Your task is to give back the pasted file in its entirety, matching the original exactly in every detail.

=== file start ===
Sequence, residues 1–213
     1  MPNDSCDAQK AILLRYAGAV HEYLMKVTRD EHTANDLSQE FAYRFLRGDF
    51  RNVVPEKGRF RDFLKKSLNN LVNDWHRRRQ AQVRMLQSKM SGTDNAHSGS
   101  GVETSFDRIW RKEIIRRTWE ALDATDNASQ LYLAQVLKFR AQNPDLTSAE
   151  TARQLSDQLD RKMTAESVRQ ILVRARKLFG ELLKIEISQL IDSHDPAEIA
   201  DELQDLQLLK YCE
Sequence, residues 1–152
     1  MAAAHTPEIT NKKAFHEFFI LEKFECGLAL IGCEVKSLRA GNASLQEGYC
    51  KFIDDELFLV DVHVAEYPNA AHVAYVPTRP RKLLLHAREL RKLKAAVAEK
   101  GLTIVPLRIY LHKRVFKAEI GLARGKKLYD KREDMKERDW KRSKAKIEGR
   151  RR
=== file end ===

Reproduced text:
Sequence, residues 1–213
     1  MPNDSCDAQK AILLRYAGAV HEYLMKVTRD EHTANDLSQE FAYRFLRGDF
    51  RNVVPEKGRF RDFLKKSLNN LVNDWHRRRQ AQVRMLQSKM SGTDNAHSGS
   101  GVETSFDRIW RKEIIRRTWE ALDATDNASQ LYLAQVLKFR AQNPDLTSAE
   151  TARQLSDQLD RKMTAESVRQ ILVRARKLFG ELLKIEISQL IDSHDPAEIA
   201  DELQDLQLLK YCE
Sequence, residues 1–152
     1  MAAAHTPEIT NKKAFHEFFI LEKFECGLAL IGCEVKSLRA GNASLQEGYC
    51  KFIDDELFLV DVHVAEYPNA AHVAYVPTRP RKLLLHAREL RKLKAAVAEK
   101  GLTIVPLRIY LHKRVFKAEI GLARGKKLYD KREDMKERDW KRSKAKIEGR
   151  RR